Every Friday afternoon, back in Tommy and Baker’s MFA days, there was a tradition. A tradition of slaughter, of domination. It was ugly, it was fun, it always proceeded to revelry at a local dive bar.

It was the weekly MFA basketball game, where the Poets would team up against the Prosers.*

The Poets had a few former college players on their team, but alas, the Prosers won virtually every game over a four-year span. Tommy set the best pick in the Deep South, and Baker used his undergrad Intramural Champion skillz for a bunch of layups and jumpers.

During the game, the starry-eyed poets mused about the arc of the shot like a fleeting rainbow, the melancholy net flapping farewell as the ball fell through, the sweat droplets plopping down like gentle spring rain. Meanwhile, the Prosers scored six times.

But don’t get us wrong. We here at Fiction School LOVE poetry, and poets. Poets indeed school the Prosers right back–not on the court, but on the page. In fact, we believe that prose writers have to be poets, too–just as meticulous, careful, precise with our words. On this episode, we talk about how to use poetic technique to find the sound your story needs, how your writer’s voice is really all about poetic music, and how poetry helps you control your reader’s experience of the story.

*No Poets were harmed in the making of these Prosers. Not seriously, anyway.

Show Notes

  • First, a confession: Tommy doesn’t have time for poetry and Baker says it’s not his leisure although they both read it and appreciate it. Thus, we named our podcast Fiction School.
  • The best things about prosers is that they are always writing, and so are poets, even during basketball games.
  • Baker kidmicrophonesays that Prosers have a lot to learn from Poets and Tommy recounts the “Anti-Master Class” from an earlier episode and how James Patterson says “It’s the story, not the sentence.”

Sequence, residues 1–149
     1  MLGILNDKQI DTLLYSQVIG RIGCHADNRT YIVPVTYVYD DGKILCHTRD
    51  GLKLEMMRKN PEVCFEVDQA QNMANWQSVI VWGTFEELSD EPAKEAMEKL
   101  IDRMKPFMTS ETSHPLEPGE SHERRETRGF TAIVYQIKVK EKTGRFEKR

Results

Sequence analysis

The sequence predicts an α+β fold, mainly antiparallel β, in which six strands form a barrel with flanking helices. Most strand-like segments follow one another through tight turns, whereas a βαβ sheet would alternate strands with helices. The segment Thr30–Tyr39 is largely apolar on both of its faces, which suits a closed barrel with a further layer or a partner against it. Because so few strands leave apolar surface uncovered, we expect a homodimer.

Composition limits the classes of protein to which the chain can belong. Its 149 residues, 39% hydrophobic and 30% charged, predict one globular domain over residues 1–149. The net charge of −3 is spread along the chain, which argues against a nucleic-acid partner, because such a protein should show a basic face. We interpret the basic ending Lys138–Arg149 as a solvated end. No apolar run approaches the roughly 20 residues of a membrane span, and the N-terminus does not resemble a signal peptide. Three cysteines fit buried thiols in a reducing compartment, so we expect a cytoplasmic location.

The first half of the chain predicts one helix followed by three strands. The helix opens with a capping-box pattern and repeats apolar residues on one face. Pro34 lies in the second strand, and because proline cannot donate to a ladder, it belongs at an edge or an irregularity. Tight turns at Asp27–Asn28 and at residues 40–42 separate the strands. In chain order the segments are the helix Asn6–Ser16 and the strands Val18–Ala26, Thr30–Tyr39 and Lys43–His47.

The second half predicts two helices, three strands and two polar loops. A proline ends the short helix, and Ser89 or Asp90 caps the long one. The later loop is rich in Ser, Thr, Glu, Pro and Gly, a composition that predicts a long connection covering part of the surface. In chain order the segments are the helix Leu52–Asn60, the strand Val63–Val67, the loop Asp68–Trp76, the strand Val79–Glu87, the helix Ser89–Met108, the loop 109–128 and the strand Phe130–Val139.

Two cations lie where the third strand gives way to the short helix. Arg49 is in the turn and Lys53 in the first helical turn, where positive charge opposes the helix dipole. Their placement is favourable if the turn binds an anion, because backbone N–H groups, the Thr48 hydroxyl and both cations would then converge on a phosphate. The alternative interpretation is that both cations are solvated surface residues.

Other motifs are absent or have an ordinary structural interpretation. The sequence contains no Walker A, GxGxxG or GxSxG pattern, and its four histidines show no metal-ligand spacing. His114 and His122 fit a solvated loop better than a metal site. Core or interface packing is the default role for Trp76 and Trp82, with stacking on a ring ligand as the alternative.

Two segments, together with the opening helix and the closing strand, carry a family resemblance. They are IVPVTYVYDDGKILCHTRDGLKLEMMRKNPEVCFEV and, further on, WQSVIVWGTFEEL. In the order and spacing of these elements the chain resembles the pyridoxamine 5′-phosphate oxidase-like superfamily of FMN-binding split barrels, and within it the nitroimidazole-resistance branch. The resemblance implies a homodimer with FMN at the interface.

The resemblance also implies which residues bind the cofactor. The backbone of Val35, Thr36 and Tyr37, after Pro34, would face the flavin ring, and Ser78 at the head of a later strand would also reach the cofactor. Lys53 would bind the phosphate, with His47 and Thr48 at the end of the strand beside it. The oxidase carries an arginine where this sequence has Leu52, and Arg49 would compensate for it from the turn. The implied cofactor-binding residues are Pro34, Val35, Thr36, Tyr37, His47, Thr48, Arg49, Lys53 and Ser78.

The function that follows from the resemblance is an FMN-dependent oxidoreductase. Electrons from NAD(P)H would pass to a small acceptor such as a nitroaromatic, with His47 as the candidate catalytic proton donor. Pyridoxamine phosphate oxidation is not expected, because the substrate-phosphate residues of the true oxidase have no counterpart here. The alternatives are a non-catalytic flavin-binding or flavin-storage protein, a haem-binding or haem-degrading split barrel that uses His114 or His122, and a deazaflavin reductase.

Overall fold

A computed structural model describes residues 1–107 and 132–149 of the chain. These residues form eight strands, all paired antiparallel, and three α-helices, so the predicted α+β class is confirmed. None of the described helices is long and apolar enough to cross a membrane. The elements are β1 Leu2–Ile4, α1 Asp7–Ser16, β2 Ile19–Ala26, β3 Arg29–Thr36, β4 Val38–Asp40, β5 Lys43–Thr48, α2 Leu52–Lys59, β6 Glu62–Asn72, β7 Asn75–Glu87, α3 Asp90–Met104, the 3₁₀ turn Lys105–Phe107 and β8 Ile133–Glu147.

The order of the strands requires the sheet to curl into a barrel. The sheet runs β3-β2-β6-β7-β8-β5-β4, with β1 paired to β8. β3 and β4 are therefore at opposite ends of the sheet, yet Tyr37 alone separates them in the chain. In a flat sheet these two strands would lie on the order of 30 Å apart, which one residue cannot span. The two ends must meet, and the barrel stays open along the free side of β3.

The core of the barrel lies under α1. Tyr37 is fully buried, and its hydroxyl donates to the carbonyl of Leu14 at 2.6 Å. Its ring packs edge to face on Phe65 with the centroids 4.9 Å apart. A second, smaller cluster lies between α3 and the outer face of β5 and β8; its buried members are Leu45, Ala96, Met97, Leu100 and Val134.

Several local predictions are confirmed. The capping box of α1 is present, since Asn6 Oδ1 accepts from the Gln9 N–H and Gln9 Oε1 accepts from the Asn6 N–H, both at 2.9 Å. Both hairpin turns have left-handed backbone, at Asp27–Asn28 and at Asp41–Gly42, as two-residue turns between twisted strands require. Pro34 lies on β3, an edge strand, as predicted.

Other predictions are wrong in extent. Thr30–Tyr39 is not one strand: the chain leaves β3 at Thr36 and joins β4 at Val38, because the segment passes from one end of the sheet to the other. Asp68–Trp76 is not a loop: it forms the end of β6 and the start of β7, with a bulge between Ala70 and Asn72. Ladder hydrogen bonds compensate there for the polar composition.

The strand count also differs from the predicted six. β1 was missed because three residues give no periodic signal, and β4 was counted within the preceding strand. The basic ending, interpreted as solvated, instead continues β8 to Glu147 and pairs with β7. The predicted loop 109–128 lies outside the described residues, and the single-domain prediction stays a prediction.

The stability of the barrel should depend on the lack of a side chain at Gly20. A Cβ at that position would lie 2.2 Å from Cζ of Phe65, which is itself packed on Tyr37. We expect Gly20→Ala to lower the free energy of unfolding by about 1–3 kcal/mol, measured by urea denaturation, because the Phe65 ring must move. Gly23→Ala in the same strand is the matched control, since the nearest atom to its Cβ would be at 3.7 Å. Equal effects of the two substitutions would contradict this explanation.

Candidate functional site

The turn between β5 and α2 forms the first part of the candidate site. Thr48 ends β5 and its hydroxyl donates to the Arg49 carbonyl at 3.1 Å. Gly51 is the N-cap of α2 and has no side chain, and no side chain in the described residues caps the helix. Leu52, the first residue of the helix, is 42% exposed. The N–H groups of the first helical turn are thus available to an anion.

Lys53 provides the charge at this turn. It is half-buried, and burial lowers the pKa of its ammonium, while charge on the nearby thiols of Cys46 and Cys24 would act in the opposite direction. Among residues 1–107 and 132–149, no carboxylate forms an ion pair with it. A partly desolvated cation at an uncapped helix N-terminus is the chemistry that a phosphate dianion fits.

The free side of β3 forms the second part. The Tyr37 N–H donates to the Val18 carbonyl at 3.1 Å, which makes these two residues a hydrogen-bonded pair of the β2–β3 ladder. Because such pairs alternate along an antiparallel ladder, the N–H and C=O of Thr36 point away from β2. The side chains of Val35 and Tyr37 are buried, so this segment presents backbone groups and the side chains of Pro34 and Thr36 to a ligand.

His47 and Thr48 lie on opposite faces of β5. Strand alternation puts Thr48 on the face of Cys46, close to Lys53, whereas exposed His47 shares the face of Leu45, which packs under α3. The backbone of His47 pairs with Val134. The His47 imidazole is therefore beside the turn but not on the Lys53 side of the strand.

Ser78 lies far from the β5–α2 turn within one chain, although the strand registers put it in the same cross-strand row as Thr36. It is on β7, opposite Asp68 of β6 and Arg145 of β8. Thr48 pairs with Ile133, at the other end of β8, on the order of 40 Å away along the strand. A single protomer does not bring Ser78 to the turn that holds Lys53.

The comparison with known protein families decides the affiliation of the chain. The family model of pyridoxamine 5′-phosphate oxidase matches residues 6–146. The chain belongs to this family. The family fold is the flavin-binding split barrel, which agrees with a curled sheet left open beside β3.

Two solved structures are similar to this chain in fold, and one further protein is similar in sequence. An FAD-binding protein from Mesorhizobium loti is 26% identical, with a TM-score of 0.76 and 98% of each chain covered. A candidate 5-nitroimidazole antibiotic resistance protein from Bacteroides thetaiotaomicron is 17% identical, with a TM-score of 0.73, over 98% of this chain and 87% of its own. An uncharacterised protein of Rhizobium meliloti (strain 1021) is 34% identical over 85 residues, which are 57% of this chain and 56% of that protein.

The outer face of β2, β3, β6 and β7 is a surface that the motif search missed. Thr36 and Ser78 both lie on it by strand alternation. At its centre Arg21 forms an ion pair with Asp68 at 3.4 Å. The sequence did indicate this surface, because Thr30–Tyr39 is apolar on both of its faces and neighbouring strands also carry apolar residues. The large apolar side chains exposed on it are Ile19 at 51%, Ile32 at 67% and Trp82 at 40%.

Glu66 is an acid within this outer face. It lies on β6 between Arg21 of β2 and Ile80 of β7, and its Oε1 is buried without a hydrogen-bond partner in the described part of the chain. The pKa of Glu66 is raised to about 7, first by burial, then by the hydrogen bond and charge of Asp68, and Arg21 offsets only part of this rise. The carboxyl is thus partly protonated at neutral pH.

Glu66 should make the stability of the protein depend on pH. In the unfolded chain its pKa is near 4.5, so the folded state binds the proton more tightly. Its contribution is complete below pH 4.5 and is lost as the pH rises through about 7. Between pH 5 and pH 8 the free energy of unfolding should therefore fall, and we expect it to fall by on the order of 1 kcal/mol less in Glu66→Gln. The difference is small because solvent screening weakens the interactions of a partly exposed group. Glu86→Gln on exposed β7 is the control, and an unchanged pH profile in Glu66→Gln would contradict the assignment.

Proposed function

• But a sentence needs to do more than convey information. It needs to sound good, to “tickle the tongue,” as Tommy would say.
  • Baker talks about the Music of Prose and how the writer’s decisions with syntax, diction, and punctuation turn into voice and rhythm, creating musical sentences.
  • That music allows for writers to then start to play with time. A half-second epiphany for a character can cover an entire page of prose, with the right kind of music. Or a full day, or a year or more, can be covered in a paragraph, with the right music. 
  • Action scenes, love scenes, dialogue, fight scenes–every kind of scene needs its own time span, rhythm, and tempo, and it’s up to the writer to orchestrate that carefully. 
  • Tommy and Baker talk about how as writers they create this rhythm. Advice #1: Read Your Work Out Loud. ,
  • Baker even reads out loud (mumbling, at least) at coffee shops when he’s writing. Don’t worry about seeming weird. You’re a writer–you are weird. Get used to it.
  • Baker also scats as he writes. If he knows the rhythm he wants in a sentence but not the words to fulfill that rhythm, he’ll just put “ba-da-DUM” down (or whatever the right rhythm at that moment is) and come back to it when he revises to find the perfect word.
  • Tommy advises that less is more, don’t get too fancy with your language but get to the point. “That’s not poetry, that’s trying to hard.” So cut close and get to the source of the senses.
  • Imagery and metaphors are poetic and musical, too. They’re not for filler but to make the reader forget they are reading and not actually seeing and smelling the stuff.
  • Tommy also advises on which is the best way to administer your imagery, comparing it to drug use (not that he would know). Just give ’em a little taste, writers.
  • Baker notes that the only direct interaction a writer gets with their reader is through poetic music and voice, when a reader is hearing the prose sound and music directly in their ear. Even when reading silently, readers hear a voice in their head.
  • The boys agree that air time, space, and pauses are all a part of the music. Pace, the perfect pace, is crucial. Not too fast, not too slow. Don’t be afraid to use punctuation to create space in your writing.
  • Poetry and sound affects the flow of longer works like a novel, too. Tommy notes how some novels take three days to read 17 pages because it just doesn’t flow. While some novels you get through 300 pages by the end of the day. All because of the music and rhythm.
  • The boys brainstorm on how to create your own rhythm in your writing.
  • If you’re stuck, try memorizing author’s stuff. Baker used Flannery O’Connor.
  • Good writers are also good readers, says Tommy, so if you can’t read well, you should quit and become a lawyer or something.
  • Baker advises writers to read aloud and read widely. Don’t get stuck reading your favorite author; get some contrast and variety. Grab your copy of The Great Gatsby (everyone has one) and read the first page aloud, listening to the music. There’s nothing better than that first page.

Image courtesy Unsplash